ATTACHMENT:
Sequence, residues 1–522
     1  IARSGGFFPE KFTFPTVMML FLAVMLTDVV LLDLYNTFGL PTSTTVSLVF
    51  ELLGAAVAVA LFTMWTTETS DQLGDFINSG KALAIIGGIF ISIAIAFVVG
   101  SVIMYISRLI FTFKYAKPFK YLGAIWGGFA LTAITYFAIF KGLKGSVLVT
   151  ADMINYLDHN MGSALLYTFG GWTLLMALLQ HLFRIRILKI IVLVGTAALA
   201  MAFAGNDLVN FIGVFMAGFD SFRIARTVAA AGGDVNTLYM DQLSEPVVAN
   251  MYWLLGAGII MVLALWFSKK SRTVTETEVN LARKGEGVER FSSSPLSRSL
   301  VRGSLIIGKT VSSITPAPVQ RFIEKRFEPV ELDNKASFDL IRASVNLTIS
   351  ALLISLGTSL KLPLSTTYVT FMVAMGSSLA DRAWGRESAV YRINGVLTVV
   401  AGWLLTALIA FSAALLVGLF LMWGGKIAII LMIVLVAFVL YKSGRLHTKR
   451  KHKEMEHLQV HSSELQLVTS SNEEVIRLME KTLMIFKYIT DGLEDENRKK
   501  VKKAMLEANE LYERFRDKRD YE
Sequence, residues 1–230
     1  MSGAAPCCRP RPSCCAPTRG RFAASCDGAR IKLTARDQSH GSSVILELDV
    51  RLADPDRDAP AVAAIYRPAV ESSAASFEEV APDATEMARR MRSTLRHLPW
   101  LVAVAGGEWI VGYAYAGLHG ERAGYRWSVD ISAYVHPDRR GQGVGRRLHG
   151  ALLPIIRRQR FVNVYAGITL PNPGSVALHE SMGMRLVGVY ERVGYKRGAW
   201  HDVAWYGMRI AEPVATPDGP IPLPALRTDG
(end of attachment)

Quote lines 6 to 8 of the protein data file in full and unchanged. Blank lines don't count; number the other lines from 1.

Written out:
   201  MAFAGNDLVN FIGVFMAGFD SFRIARTVAA AGGDVNTLYM DQLSEPVVAN
   251  MYWLLGAGII MVLALWFSKK SRTVTETEVN LARKGEGVER FSSSPLSRSL
   301  VRGSLIIGKT VSSITPAPVQ RFIEKRFEPV ELDNKASFDL IRASVNLTIS